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HAROLD "BURGIE" BURGESON

Burgie

In October 1957, Burgie was flying the RF-84 with the 45th TRS at Misawa AB, Japan. Later in the 1950s, he was the first of the 45th TRS pilots to check out in the RF-101, becoming flight commander. From there, he transferred to Shaw AFB, SC as instructor pilot in the training squadron for the F-101. From there, circa November 1961, he and F-101 VooDoo pilot Dick Roussell transferred to the 1129th for Project OXCART at Groom Lake, Nevada under the command of CIA administrator Warner Weiss and Col. Robert Holbury. Burgie was assigned to Colonel Doug Nelson where he and Ray Haupt received flight training from the Lockheed test pilots in the CIA A-12 Mach-3+ reconnaissance plane for the job of becoming standardization instructor pilots to train the CIA project pilots.

Besides being an excellent pilot, Burgie is fondly remembered by members of the 1129th for his management of House Six, unofficial hangout of the Air Force and CIA pilots for their poker games. As the OXCART Project terminated, Burgie became the base commander during the operations shutdown period.

From the 1129th at Groom Lake, Burgie was stationed at Lindsey Air Station USAFE in Wiesbaden where he was assigned to the Plans Division. He served a tour in Vietnam before retiring.

BGen Ray Haupt rememberance of Burgie:

Doug Nelson and I were scheduled as the first two folks to go to Shaw AFB for checkout in the F-101F. John Kelly and I left Nellis AFB, early on the morning of 2 January 1962 in our T-33, complete with a baggage pod loaded with my clothes for the anticipated 10 weeks stay at Shaw to check me out as an instructor in the F-101. Nelson drove his car to the east coast for his staff qualified checkout pilot in the aircraft.

We immediately after arrival entered ground training in the Wing FTD (shepherded by Burgie) Then Burgie immediately started the flight training phase of our check-out. Since we had priority in training, we zipped right on through the course. We even completed low altitude photography runs during the normal checkout since for security purposes this was supposed to look like a normal checkout. About midway through training Nelson and I started discussing the bucket of worms we were faced with back at the ranch with our aircraft ranging from a Cessna 180 through U3-B, T-33, C-130, F101-B, F101,-one crazy Helicopter, and our mission aircraft.

Nelson made a couple calls and we indicated our interest in Burgie as the guy to handle the 101's while we looked after the operational end of the program. I had been soliciting Nelson's support in getting a total rewrite of the Article flight manual in standard USAF format. The concept sold all the way to the agency, they were an easy sell since the U-2 manual had been a pain in the neck before we had re-written it after the arrival of the aircraft and at least 6 months of operation with the factory ozalid U-2 Manual.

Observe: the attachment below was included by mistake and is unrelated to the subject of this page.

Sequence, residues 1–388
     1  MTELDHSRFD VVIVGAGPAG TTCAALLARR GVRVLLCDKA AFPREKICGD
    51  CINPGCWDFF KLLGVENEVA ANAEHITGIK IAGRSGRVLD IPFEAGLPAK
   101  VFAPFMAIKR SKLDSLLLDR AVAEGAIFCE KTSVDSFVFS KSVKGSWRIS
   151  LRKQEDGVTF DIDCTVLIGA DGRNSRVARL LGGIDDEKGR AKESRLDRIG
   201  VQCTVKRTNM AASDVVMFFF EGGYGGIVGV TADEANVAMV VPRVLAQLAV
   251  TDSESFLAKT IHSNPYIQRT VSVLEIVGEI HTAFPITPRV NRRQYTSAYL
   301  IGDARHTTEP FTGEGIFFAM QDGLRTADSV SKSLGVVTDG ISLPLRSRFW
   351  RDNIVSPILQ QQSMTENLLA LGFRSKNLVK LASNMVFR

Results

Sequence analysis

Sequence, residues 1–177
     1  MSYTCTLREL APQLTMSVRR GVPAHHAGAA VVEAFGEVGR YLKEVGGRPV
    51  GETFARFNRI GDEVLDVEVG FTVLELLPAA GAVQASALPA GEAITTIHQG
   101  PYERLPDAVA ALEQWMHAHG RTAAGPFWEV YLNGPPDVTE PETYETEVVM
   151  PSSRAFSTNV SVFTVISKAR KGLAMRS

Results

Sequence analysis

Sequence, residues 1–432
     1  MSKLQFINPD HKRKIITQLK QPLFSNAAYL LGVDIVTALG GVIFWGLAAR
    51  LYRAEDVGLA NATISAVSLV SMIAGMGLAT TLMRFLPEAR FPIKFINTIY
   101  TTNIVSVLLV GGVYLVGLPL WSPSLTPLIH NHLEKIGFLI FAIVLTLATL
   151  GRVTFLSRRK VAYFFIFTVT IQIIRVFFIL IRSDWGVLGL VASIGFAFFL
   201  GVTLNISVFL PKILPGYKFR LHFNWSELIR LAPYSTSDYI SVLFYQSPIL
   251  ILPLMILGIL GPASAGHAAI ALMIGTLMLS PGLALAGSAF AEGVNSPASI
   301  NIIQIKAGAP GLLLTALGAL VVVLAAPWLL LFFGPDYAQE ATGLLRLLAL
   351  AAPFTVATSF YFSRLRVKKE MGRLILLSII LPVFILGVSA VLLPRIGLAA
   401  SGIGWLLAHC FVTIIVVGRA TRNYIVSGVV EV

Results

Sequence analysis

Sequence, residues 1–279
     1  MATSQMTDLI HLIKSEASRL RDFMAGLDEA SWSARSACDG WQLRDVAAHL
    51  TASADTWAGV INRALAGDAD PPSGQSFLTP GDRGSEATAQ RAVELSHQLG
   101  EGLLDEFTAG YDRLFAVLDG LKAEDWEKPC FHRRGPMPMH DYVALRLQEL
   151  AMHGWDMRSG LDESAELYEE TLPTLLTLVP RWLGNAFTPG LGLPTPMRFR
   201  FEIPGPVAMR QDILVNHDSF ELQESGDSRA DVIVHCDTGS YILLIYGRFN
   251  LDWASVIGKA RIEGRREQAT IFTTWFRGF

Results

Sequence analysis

Although I maintained I P status in the F-101, the program was what Burgie made of it from day one of his arrival at the ranch. The unspoken intent was for him to take over standardization for the A-12 when I left the program.

During my three and a half years the C-130 and Helicopter crews were self standardized by their Aircraft Commanders. Danny Mitchell and I interchangeably handled standardization checks in the T-33 and U-3B and also administered annual instrument checks. That arrangement posed a long reach for Danny since I checked him out raw in the T-33 and pushed him right on up to instructor status in the T-Bird; he was not previously jet qualified.

When I extended my 3 year tour at the ranch, and added on an extra 6 months, I started Burgie's checkout in the A-12 Trainer. My last A-12 flight was his final check, and instrument check, in the trainer. As a side light of no value, we suffered a lightning strike from a small shirt-tail cumulus cloud a couple miles south of the VOR, while turning onto final approach to a GCA full stop landing on his instrument check/final trainer checkout flight. The next morning I drove out of the gate to go home and start the move to Beale.

Burgie was worth his weight in gold during his stay with the program. The last time I saw Burgie was while I was in Washington briefing the Air Staff on the SAC SR-71 program. Someone told me that Burgie was recuperating from Cancer treatment and was at Andrews. I spent one afternoon with him in transient quarters at Andrews.

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